Wednesday, 25 June 2014
Review: No-One Ever Has Sex on a Tuesday by Tracy Bloom
Format: Paperback / eBook
Released: April 21st, 2014
Childhood sweethearts Matthew and Katy agree they must never see each other again following a school reunion. So all is forgotten ... until eight months later when a shock meeting at an antenatal class forces them to confront the fact that Matthew could be the father of Katy's baby. Love and life are messy, but Katy and Matthew take things to a whole new level as deep emotions begin to resurface and hormones run riot. Never has a one-night-stand led to such chaos!
I dip into adult books sporadically, reading whatever takes my fancy when it takes my fancy. These days I've been craving anything that will make me laugh, which is why I picked up No-One Ever Has Sex on a Tuesday. I believe Tracy Bloom self-published this before it was traditionally published by Arrow, meaning it already has an established readership. I'm a bit late to it all, as per usual with self-published books!
The plot is pretty straight forward: Katy is pregnant but she's not sure who the father is. It could either be Ben, her much younger boyfriend, or Matthew, her childhood sweetheart who she stupidly sleeps with at a school reunion. She ends up meeting Matthew again eight months later at an antenatal class, he figures out the baby could be his, and chaos ensues. It's a complicated situation, and one that Katy is unfortunately in the middle of!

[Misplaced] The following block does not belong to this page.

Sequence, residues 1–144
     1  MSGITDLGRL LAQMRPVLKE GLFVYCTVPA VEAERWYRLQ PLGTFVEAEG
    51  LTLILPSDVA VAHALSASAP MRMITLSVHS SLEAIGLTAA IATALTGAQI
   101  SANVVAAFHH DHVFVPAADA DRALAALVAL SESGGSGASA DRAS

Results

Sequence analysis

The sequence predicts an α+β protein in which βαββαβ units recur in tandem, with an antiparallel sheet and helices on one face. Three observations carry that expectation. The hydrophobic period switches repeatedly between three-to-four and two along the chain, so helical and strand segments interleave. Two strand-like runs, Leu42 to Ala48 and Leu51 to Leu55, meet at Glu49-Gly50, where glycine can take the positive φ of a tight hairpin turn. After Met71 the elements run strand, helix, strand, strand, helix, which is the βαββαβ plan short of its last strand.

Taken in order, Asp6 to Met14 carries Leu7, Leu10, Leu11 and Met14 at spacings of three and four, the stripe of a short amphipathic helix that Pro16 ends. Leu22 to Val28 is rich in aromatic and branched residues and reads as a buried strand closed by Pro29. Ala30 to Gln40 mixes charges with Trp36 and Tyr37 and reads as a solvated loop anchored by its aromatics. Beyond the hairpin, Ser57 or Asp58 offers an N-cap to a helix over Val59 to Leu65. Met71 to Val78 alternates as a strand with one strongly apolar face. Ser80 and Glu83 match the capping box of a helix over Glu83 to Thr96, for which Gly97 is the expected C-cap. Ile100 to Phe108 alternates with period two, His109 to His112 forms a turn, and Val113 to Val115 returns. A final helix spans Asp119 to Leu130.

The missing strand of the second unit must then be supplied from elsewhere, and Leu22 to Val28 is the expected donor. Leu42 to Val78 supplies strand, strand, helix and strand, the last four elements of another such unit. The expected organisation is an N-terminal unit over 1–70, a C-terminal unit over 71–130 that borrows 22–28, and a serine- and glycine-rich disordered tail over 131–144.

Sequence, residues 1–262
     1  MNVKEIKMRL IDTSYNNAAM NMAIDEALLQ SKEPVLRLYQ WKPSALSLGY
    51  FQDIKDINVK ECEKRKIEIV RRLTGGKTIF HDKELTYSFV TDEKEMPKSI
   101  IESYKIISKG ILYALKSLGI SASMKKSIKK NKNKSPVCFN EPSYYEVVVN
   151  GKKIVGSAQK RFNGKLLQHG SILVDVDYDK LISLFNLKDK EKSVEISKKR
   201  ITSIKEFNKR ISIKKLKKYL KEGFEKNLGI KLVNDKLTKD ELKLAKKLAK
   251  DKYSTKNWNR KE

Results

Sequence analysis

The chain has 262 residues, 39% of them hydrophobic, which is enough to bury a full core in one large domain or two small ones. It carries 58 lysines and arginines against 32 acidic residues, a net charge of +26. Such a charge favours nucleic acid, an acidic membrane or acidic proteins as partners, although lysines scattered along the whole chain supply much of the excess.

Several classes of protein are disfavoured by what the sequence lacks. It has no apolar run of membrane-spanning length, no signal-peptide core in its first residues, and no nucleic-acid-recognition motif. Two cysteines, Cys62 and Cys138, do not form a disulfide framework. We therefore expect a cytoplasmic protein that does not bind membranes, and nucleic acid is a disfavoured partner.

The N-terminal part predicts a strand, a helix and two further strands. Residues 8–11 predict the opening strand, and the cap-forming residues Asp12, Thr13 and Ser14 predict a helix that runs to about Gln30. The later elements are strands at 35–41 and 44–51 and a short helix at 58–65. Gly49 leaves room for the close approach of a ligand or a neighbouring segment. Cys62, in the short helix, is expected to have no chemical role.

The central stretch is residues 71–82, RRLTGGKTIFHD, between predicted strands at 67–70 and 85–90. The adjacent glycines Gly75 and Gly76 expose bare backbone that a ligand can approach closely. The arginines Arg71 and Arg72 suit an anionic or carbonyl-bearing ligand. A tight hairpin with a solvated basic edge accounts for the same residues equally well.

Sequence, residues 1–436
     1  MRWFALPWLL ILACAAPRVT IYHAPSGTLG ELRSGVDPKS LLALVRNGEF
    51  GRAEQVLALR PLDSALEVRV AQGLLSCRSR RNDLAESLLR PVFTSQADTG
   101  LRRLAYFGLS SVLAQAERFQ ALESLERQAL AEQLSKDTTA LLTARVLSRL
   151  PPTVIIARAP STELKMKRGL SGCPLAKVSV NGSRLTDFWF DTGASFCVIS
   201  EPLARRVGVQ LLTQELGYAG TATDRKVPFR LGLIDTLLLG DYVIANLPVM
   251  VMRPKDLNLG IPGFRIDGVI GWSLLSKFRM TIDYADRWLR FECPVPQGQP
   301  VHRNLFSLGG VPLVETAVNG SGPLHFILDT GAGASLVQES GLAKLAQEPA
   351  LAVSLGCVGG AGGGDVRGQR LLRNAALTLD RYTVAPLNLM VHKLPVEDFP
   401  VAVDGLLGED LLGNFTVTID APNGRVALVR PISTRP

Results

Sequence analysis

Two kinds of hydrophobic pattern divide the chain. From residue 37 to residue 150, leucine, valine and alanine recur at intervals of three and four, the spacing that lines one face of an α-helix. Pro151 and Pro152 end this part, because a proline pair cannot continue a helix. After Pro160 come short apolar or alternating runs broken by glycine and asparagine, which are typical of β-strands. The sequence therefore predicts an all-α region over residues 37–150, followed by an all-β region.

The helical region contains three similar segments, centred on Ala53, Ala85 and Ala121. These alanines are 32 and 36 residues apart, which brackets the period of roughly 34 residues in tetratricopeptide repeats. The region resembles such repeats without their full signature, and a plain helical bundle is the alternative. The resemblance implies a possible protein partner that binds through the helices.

I liked all the aforementioned characters; I can't say they're going on my favourites list, but I liked them enough to care what happened to them. Obviously I don't condone cheating whatsoever, so that particular side to Katy and Matthew didn't impress me, but how Katy behaved later did go some ways to making up for that. Matthew never really sorted himself out to my standards, and I actually found him to be self-centred and completely oblivious to his loving, pregnant wife. Ben was my favourite, even though he's young, naive and not at all ready to be a father. Each of these characters are flawed, some ridiculously so (I'm looking at you, Matthew), but they muddle through and do their best.
Bloom's writing is easy and accessible and, despite the title, this book isn't all about sex and other such naughty things (there is some swearing though). It's a book about relationships and their complications, and would be suitable for the older spectrum of YA readers. It's funny, realistic, down to earth, and easy to see why it was an eBook bestseller. I'll definitely read more from this author in the future and, if like me you like to occasionally dip into adult women's fiction, or read it all the time, do put this one on your wishlists!